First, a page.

Friday, April 22, 2011
I think I write in the parts of me that I prefer to keep hidden from the world – the occasionally cynical, frustrated and grouchy parts that would make eyebrows raise if I were to speak them straight out. When they come from some of my occasionally cynical, frustrated and grouchy characters instead of me, I get smiles instead. It feels far safer.
What is the quirkiest thing you have ever done?
I have a quirky habit of pretending to be right there with the characters when I’m reading fiction, seeing the whole story pass before me like a movie I’m watching. Then when I’ve finished the book I still daydream about the characters, inventing more scenes which the author never added. I was always embarrassed by my pointless habit but it is lots of fun.
When did you first discover that you were a writer?
When I was very small and my Primary School teacher would tell us to write a story my heart would leap with joy. Later, when I was 15 years old, an English teacher told me that I have a fascinating way with words. That was when I decided that I wanted to be a fiction writer more than anything else. Making people smile, laugh and cry has to be the best career choice in the world, I thought.
Tell us the range of the kinds of books you enjoy reading.
They must have an element of romance in them without being from the pure romance genre. I love books in which depth of character development and a fast-moving plot are evenly balanced. I have come across stories in which one of these elements is emphasized at the expense of the other and that makes me disappointed.
Although contemporary fiction is my chosen genre, I enjoy reading historical as well. Something with a dash of mystery or suspense makes me really happy.
How do you keep your sanity in our run, run, run world?
I homeschool my three children which makes our lifestyle more relaxed and takes away that hectic school-schedule rush. We live in a beautiful, restful part of the world and I love walking, country drives and soaks in the bathtub.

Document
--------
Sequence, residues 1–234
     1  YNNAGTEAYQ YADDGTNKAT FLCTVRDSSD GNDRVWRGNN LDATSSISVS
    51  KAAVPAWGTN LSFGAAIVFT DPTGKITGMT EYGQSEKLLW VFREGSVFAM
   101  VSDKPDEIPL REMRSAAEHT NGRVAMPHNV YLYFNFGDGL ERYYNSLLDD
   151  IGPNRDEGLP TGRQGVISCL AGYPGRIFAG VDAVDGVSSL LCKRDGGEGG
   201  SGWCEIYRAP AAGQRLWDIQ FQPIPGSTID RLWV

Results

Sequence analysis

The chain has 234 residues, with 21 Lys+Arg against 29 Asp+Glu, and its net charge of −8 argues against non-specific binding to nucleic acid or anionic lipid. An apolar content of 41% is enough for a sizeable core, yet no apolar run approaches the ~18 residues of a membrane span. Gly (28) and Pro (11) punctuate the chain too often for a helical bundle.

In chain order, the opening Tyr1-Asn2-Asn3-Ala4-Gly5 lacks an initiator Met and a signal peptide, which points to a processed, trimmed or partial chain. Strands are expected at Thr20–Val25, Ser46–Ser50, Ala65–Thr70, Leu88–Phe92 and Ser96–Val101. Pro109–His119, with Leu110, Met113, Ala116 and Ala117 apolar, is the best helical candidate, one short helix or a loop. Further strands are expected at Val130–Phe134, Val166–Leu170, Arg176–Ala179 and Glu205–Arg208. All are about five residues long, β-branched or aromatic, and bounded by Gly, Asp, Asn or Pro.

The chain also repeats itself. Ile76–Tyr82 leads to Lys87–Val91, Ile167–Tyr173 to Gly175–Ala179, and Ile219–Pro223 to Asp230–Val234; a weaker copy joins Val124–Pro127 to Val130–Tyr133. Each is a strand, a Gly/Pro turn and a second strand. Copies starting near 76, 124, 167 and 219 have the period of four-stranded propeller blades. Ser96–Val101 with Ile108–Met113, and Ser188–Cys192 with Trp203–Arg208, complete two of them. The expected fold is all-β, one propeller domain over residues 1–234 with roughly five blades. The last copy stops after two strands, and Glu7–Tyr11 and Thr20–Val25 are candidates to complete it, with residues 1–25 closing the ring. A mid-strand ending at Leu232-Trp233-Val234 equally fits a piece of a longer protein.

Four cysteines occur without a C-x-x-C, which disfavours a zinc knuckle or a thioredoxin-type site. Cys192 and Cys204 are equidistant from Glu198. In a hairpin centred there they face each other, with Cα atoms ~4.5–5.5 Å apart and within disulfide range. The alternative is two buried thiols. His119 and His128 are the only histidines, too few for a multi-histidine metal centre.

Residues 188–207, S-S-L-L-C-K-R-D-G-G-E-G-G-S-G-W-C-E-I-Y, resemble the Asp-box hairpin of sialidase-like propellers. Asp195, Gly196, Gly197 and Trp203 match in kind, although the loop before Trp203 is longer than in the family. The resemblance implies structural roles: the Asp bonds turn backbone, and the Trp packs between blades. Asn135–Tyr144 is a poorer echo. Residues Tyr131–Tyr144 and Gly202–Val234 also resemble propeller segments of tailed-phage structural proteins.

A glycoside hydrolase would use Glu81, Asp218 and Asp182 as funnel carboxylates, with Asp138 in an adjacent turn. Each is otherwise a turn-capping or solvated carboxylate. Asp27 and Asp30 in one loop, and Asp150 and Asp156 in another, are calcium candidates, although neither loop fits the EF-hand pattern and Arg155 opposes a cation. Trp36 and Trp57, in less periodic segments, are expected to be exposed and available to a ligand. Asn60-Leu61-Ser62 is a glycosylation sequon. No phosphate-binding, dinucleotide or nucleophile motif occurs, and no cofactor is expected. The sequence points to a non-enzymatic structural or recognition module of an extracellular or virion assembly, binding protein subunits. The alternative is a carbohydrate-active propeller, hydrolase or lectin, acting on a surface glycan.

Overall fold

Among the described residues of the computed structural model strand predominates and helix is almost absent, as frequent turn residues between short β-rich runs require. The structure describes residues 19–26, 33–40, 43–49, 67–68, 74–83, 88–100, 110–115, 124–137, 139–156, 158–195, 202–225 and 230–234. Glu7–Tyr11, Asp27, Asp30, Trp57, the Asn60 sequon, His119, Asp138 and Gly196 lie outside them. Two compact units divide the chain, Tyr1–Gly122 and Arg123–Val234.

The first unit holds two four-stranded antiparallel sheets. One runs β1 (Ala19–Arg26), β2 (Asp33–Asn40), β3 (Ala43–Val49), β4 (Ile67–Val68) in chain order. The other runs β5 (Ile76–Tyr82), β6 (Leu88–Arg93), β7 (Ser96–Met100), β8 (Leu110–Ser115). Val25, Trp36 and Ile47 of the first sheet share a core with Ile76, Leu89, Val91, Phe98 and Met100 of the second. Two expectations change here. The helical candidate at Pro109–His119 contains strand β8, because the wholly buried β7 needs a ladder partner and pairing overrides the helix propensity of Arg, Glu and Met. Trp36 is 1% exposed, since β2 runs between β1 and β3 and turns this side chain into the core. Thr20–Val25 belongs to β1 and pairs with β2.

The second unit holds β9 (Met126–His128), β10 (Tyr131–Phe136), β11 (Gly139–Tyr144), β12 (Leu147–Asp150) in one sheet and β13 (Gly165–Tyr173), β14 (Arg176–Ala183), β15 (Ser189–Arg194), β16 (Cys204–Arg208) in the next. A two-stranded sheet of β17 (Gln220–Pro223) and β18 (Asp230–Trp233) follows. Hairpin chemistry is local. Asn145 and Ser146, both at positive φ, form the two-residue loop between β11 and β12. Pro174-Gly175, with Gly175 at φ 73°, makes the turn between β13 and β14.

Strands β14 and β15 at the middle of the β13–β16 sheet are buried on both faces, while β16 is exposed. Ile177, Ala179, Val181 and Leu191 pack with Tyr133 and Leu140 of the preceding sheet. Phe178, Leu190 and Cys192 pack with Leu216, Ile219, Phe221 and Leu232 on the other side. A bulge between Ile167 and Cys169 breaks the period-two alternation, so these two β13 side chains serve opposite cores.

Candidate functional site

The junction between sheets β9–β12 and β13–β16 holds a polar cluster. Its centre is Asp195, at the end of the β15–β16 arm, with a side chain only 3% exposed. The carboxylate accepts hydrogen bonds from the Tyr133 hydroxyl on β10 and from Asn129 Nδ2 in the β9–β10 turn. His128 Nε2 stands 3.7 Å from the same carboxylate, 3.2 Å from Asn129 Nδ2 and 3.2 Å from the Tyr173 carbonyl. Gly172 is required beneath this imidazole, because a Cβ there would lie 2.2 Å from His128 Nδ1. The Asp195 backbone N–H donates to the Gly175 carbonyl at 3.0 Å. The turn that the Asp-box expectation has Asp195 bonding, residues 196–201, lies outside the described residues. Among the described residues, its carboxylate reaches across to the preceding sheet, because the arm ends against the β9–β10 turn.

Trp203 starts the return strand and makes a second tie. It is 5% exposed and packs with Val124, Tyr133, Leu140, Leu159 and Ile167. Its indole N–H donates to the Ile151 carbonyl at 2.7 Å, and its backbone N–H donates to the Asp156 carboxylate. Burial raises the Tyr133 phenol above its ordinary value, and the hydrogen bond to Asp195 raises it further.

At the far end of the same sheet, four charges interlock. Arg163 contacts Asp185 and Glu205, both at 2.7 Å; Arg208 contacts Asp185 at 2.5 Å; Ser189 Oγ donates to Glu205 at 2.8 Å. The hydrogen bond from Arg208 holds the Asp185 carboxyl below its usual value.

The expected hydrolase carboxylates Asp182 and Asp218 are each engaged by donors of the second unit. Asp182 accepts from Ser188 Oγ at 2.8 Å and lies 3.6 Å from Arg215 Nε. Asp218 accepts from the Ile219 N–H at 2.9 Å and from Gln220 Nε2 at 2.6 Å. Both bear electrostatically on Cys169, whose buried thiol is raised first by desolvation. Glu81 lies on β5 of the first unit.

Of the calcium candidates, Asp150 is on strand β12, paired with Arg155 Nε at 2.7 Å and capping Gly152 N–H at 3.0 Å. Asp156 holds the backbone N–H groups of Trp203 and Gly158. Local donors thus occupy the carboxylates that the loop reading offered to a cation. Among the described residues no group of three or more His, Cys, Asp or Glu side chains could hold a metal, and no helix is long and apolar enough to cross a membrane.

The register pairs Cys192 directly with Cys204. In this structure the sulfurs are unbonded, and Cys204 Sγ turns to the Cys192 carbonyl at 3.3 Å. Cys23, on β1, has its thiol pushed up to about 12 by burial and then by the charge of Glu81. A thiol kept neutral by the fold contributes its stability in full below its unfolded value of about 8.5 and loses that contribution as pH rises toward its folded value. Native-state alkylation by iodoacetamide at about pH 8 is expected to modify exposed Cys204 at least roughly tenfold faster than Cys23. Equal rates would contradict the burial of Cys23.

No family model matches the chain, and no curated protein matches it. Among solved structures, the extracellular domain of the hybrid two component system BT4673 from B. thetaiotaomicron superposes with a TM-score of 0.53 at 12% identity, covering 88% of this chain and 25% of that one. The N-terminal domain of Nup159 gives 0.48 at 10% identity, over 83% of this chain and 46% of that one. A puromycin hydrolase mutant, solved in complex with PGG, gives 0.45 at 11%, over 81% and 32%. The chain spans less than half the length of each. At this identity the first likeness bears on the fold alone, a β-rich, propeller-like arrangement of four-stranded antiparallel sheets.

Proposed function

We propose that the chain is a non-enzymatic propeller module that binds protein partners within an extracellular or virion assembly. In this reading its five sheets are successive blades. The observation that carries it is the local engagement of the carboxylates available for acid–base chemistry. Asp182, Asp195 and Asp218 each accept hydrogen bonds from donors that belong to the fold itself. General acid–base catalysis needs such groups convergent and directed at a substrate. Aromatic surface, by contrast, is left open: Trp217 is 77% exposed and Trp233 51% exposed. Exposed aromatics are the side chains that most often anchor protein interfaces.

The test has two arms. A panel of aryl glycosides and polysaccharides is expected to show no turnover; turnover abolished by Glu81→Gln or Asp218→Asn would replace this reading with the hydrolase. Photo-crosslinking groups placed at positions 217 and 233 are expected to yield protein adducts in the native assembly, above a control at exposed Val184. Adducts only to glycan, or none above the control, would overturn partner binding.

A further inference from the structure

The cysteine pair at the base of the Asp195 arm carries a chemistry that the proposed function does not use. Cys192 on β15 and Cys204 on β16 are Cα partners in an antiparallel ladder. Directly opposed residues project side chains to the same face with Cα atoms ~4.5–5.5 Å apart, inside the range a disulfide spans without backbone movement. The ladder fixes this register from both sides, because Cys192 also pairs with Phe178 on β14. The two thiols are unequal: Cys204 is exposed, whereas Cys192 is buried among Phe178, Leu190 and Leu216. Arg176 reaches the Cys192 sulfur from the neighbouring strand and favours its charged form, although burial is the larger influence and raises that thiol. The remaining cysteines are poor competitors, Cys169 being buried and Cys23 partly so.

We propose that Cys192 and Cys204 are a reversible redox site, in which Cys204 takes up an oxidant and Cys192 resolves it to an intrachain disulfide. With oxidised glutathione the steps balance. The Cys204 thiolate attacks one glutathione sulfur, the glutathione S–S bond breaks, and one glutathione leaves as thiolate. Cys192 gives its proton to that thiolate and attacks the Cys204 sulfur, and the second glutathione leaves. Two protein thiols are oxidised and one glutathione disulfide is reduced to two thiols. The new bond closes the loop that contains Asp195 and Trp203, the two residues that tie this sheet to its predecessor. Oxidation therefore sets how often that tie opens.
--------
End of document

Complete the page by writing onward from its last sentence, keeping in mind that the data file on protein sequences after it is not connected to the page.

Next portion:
How do you choose your characters’ names?
I love to use names which I wanted to call my children but couldn’t get my husband to agree on. Now that my family is complete, whenever I come across a beautiful name, I think, I’ll use it in one of my novels. Friends sometimes jump to wrong conclusions when they see books of baby names out on my table.
What is the accomplishment that you are most proud of?
If you were an animal, which one would you be, and why?
My daughter adores panda bears. All of South Australia is mad about them at the moment, as a pair was recently shipped from China to our Adelaide Zoo. They are exotic and cute at the same time; never hurry and look as if they are thinking about some droll joke. Yes, I’ll choose the panda.
What is your favorite food?
Crispy, honey chicken and rice followed a slice of light, melt-in-the-mouth cheesecake. I’m mixing up my countries of origin but never mind.
It sounds yummy to me right now. What is the problem with writing that was your greatest roadblock, and how did you overcome it?
It was actually getting past the first few pages without crossing out sentences, getting discouraged and quitting. It was a great moment when I learned that the creative and judgmental sides of our brains were never meant to work simultaneously. It is quite right to let our creative sides be messy and profuse before the editor in us takes over.